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Challenges of Workers' Health in the Region of the Americas

Maritza Tennassee, M.D. PAHO

There is currently a global consensus on the importance of workers' health as a key element for the equitable development and social and economic well being of human beings. Recognition of the importance of the sustainable development model has renewed concern in international and regional forums, as well as the countries, about the situation of workers' health and the need to improve it.

The 23rd Pan American Sanitary Conference (1990) adopted Resolution CSP23.R14 on workers' health, urging the Member States to increase the development of different institutional workers' health care arrangement in order to promote the attainment of universal coverage and requesting the Director of PASB to support the initiative. Thus, workers' health has been included in the Strategic and Programmatic Orientations for PASB, 1999-2002.

The situation analysis of workers' health in the countries of the Region reveals major economic and social inequities in the labor sector, as well as a significant institutional vacuum at both the international and national level when it comes to addressing the problem of workers' health, particularly in the informal sector.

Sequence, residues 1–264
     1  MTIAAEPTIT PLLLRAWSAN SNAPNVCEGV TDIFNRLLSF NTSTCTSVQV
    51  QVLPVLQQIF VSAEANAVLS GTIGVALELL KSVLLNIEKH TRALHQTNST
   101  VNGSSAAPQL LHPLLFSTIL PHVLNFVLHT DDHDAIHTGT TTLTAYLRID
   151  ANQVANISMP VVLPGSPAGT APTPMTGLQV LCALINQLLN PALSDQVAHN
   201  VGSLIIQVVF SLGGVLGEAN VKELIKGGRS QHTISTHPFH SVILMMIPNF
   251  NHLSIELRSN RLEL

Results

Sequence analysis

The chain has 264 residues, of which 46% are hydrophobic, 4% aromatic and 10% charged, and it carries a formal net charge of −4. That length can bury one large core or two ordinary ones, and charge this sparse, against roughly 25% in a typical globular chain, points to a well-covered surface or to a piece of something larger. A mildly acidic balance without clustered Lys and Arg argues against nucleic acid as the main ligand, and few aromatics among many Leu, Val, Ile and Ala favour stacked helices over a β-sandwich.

Responding to this situation, PAHO took the initiative and structured its technical cooperation activities in workers' health around an integrated, multisectoral, and participatory preventive approach. The result was the preparation of the Regional Plan on Workers' Health, which includes cooperation activities at the regional, subregional, and country level. The Plan has been conceived as a frame of reference and orientation that will enable the actors in the field of workers health to operate with a common perspective, permitting synchronized country and international cooperation activities and optimum use of the available resources on behalf of the countries.